- The hoof and legs will not have good circulation. The horses hooves will not be healthy and the heart will have to work harder to get the blood back up the legs.
- There will be no shock absorption with a metal shoe nailed to the hoof; no flexing can occur.
- Plastic shoes that flex still have the problem of nail holes and damage which can cause moisture problems and infections to the hoof.
If a picture is worth a thousand words, these two highspeed video recordings (troting shood horse hoof and troting barefoot horse) of hoofs on pavement should speak volumes about the impact shoes can have on horse the lower regions of a horses’ anatomy.
The pitfall of traditional shoeing
Horse shoe nails – no matter how fancy or well hammered in- are being driven into the intricate-microfibers of the hoof. They invite fungus, cold and disease into the hoof. They break and crack the hoof wall, so why do we still think shoes protect the hoof?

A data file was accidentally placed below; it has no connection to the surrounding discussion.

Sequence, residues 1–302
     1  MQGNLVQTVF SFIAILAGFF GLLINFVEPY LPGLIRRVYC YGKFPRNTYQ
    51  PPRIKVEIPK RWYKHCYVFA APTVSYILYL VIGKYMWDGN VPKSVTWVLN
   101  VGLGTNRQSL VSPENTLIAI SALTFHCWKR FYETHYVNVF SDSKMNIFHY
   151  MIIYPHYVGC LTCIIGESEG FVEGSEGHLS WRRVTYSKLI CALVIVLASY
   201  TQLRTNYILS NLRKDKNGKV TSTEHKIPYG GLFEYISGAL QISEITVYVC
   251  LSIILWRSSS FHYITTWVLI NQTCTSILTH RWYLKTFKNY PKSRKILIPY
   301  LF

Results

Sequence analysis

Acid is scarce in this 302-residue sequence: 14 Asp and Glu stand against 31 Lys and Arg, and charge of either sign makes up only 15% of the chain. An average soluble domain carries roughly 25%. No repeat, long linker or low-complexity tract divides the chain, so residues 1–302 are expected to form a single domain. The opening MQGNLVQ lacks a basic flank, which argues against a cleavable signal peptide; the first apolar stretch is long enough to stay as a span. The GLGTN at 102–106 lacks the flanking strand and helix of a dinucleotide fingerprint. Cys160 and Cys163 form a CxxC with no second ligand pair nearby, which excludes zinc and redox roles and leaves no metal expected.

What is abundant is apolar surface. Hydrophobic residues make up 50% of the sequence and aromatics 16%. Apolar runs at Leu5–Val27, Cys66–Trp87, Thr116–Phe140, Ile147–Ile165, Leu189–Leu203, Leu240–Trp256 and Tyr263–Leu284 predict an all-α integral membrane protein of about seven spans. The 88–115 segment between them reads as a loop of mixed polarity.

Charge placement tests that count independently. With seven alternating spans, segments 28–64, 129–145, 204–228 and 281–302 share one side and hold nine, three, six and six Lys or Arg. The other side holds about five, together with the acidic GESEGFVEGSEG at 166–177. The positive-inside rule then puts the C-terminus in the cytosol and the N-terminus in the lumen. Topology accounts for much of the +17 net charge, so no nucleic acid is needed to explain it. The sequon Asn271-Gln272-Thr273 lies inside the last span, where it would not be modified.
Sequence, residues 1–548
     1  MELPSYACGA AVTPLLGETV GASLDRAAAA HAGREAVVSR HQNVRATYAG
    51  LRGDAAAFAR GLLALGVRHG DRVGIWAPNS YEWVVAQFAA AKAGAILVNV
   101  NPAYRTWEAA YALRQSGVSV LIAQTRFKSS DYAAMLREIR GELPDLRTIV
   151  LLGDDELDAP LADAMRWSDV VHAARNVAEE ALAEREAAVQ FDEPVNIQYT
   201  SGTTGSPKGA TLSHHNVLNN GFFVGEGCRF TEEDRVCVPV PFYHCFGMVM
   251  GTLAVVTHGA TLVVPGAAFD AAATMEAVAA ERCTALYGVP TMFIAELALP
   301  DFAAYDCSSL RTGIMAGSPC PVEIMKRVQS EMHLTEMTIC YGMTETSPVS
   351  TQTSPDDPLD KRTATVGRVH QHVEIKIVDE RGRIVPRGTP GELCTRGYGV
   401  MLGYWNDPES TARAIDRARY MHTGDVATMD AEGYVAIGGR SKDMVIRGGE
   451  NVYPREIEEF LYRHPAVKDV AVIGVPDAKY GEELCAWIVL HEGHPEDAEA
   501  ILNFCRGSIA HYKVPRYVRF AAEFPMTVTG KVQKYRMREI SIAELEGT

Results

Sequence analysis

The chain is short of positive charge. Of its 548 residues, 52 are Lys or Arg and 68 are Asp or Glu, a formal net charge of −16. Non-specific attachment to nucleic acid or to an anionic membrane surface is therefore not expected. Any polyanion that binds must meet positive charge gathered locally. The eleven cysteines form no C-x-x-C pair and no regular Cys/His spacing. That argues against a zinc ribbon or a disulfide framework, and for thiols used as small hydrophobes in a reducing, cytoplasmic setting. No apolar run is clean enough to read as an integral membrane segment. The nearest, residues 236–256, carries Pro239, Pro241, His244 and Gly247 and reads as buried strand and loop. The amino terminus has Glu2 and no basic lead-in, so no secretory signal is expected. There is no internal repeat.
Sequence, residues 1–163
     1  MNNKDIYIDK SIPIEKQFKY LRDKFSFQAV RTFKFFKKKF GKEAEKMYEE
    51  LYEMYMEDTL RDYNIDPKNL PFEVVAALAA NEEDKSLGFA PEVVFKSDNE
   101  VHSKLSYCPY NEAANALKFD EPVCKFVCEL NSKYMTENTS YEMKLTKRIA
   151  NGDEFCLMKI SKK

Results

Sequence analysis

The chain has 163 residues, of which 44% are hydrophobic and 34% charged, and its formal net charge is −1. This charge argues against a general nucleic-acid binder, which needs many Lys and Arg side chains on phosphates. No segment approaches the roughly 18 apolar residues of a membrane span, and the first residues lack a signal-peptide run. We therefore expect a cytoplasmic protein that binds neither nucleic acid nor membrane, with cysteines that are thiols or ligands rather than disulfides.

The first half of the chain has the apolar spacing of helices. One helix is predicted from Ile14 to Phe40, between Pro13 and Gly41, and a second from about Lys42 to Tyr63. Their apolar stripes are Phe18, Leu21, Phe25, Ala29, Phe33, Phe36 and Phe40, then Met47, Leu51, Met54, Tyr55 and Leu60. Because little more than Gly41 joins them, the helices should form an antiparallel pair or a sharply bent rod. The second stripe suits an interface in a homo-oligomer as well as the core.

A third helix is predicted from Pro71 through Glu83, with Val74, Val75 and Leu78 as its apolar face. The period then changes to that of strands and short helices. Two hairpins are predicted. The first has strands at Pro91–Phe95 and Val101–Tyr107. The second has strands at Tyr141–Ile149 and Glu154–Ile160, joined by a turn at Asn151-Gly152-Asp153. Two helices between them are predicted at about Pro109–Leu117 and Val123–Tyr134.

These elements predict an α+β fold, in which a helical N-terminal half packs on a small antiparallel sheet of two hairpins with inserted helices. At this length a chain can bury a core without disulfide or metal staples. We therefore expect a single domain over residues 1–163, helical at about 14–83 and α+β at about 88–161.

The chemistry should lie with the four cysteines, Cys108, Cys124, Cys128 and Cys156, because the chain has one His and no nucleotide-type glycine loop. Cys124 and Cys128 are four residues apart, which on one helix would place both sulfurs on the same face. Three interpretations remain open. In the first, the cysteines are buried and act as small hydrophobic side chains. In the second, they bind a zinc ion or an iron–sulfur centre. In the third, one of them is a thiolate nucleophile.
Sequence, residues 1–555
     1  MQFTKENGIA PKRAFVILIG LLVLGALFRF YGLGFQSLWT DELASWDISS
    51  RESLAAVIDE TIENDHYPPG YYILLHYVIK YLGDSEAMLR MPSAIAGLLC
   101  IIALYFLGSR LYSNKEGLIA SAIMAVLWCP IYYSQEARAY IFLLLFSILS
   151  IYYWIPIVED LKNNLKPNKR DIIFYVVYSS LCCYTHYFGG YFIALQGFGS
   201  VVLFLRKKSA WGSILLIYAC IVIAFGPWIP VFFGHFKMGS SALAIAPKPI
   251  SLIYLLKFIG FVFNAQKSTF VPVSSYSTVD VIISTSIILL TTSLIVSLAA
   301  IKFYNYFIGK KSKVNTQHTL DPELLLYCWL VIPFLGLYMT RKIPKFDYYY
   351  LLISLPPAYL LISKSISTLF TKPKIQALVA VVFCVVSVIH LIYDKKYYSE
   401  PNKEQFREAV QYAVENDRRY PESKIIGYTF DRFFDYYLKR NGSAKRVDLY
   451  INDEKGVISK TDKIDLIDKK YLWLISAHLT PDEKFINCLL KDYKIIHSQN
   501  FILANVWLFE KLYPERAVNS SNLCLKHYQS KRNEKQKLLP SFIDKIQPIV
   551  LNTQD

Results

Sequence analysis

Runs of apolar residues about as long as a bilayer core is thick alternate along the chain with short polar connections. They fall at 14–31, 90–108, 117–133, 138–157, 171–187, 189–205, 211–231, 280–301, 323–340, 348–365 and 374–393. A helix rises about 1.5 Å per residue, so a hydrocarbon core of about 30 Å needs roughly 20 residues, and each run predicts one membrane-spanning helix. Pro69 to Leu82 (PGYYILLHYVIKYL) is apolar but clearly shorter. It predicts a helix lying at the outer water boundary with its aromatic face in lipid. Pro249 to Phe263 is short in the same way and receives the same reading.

Form versus Function
Is it ‘prettier’ to trim the entire foot down to slick, shiny new material? Yes, until you watch the horse move! ouch ouch ouch. A horse requires a thick toe callus and sole under the coffin bone. Barefoot horses that move correctly tend to callus their own soles uniformly in a 1/2″ to 5/8″ thickness. This callus should never be molested with tools. Farriers often mimic or cut out the natural concave on flat, already too thin soles. If left alone, the horse will naturally grow the concave shape that is perfect for their own foot.
What is a healthy hoof stride?